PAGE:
Anadarko Petroleum Corp.’s (NYSE: APC) average oil production in the Permian’s Delaware Basin jumped 88% during second-quarter 2018 as the company works to add more wells to pads and gain overall optionality by eyeing opportunities in Wyoming’s Powder River Basin.
“Results in the Delaware Basin are the engine driving much of our recent success, and we are just getting started as we pace our midstream takeaway with our upstream development,” Anadarko CEO Al Walker said on an earnings call Aug. 1. “Our infrastructure buildout achieved several key milestones during the quarter with the startup of our Reeves Regional Oil Treating Facility [ROTF]” and commissioning of the North Loving ROTF subsequent to quarter end.
The company reported a day earlier that revenue increased to $3.29 billion for the second quarter, up from about $2.7 billion a year ago. U.S. onshore oil volumes grew by 47%, adjusted for divestitures, to 169,000 barrels of oil per day (bbl/d). Accounting for most of the growth was the Delaware Basin, where sales volumes were 62,000 bbl/d, up from 33,000 bbl/d a year ago.
Anadarko plans to begin production from its first full-pad development at Silvertip-A in Loving County, Texas, in second-half 2018. Twelve extended-reach lateral wells over a half section across five target zones have been completed and are awaiting the Loving ROTF and associated infrastructure build, which are needed to bring the wells online, said Danny Brown, executive vice president of U.S. onshore operations. He noted the company installed additional sensor equipment to monitor downhole performance and get more data on production flow.
This comes as the company works to bring Delaware well costs down from $10 million to $8 million by increasing the number of wells per pad to between four and five, something Anadarko hopes to accomplish within the next two to three years.
In addition, “We have been working our Gen 2 completions, which are essentially like some others in the industry—higher water content, higher proppant, closer spacing,” Brown said. “We’ve been pleased with the performance we see there. I anticipate that will be our completions style as we move through the foreseeable future.” He later added that the company has been pleased with the performance of individual wells as it relates to downtime and field performance.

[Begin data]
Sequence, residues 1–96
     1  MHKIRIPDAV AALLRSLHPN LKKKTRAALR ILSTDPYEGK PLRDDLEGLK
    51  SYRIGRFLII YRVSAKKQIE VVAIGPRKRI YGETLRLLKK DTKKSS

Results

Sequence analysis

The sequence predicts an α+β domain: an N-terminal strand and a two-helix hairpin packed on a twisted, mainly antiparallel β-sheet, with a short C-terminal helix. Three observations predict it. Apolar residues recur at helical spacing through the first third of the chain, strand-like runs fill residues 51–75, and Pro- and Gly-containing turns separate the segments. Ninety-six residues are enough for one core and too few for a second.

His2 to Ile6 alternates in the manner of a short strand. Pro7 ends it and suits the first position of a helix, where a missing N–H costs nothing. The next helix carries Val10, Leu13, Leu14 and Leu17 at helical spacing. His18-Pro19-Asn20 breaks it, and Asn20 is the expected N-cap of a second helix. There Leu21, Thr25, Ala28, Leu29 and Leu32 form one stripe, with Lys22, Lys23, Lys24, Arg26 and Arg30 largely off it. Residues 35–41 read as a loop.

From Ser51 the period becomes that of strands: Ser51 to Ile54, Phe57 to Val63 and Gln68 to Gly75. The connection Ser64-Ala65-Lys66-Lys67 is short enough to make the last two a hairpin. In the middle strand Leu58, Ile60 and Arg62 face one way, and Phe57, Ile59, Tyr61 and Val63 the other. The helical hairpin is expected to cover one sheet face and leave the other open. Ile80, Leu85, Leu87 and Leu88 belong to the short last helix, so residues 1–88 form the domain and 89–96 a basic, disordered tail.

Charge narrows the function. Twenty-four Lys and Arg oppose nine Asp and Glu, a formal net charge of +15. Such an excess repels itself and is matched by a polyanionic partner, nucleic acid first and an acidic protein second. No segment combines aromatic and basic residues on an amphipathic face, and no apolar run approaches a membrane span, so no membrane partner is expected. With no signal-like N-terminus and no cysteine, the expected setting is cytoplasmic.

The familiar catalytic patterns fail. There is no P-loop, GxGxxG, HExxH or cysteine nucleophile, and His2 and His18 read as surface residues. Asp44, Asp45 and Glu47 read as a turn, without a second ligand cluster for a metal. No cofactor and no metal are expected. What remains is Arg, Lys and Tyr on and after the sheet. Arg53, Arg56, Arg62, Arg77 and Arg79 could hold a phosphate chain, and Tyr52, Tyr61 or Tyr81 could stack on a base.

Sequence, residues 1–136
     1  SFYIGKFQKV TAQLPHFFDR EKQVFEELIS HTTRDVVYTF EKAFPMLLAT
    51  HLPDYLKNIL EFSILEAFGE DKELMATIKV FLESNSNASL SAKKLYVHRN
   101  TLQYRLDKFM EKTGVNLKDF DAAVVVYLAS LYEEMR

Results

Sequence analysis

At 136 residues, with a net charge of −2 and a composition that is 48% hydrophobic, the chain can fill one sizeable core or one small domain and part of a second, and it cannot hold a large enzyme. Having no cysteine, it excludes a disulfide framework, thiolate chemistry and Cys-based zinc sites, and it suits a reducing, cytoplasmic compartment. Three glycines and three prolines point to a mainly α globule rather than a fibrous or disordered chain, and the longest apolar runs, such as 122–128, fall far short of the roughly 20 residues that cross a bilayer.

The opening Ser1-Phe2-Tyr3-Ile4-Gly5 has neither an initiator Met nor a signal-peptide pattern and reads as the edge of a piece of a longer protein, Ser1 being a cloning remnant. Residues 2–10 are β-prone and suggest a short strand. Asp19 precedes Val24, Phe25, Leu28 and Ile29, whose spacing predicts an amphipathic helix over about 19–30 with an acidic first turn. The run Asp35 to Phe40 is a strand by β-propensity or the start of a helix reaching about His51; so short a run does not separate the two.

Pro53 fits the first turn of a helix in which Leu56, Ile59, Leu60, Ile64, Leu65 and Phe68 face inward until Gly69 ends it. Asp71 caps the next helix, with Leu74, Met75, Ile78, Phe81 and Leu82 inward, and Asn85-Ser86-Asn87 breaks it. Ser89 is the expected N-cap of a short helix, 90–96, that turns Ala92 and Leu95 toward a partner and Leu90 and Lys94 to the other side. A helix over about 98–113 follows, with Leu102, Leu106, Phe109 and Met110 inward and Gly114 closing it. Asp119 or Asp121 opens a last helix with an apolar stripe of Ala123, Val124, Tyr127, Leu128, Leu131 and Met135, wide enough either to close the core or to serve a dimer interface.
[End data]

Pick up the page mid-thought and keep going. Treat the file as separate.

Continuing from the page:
“That’s one of the reasons why you’ve seen us shift our capital over the course of this year,” Walker added. In all, Anadarko increased its full-year capital investment expectations by $250 million from previous guidance of between $4.5 billion and $4.8 billion.
But don’t expect to see a ramp-up in activity in the Denver-Julesburg (D-J) Basin, where oil production also grew—reaching 99,000 bbl/d in the second quarter, up from 76,000 bbl/d a year earlier. New wells are performing as previously communicated, Brown said, after noting longer laterals take longer to clean up which impact production levels.
“We’re actually going to flex down our activity in the D-J a bit,” dropping from three to two completion crews this month—a move that will impact the well count and production volumes. “We’re anticipating that our D-J production volumes will go from 30% year-over-year oil growth to about 20% year-over-year oil growth. But that is going to be balanced by Delaware.”
Powder River Basin
Meanwhile, Anadarko is eyeing other onshore opportunities in Wyoming’s Powder River Basin, where the company said it has made about $100 million worth of leasehold acquisitions and amassed more than 300,000 acres for less than $2,500 per acre.
The company is currently focused on the Turner Formation, having already drilled wells in the play with rates exceeding 2,000 boe/d and oil cuts above 80%, according to Walker.
“Once we’ve completed our appraisal work and finalized our plan of development and midstream evacuation, we expect this basin to eventually compete for capital within our portfolio, increasing our optionality,” Walker said. “During this time of transition, we will continue to look for ways to actively add to our footprint and where possible lock up the acreage.”
The position gives Anadarko flexibility in case the company wants to move quicker in the basin, Walker said. “Flexibility and having more than one option with capital deployment certainly plays to the benefit of most companies that have that optionality,” he said.
Anadarko also has assets in the U.S. Gulf of Mexico (GoM), where its vast network of facilities has enabled tiebacks to flourish. But the company’s GoM second-quarter production was impacted by routine maintenance and planned downtime to tie back future wells to platforms. GoM sales volumes averaged 114,000 bbl/d for the second quarter, down from 112,000 bbl/d.
A ramp-up is expected in the fourth-quarter when facilities are back online and flowing, according to Mitch Ingram, executive vice president of international deepwater and exploration for Anadarko. GoM production guidance remains at between 140,000 boe/d to and 150,000 boe/d for 2018.
First production from Anadarko’s second tieback to the Marlin facility in the Dorado Field along with the Holstein and Caesar/Tonga developments in the Green Canyon area are expected in the third quarter, the company said in its latest operations report. First production from the Constellation development is anticipated in late 2018 or early 2019, with Hadrian North in the Keathley Canyon area set to begin production in 2019.
Velda Addison can be reached at firstname.lastname@example.org.
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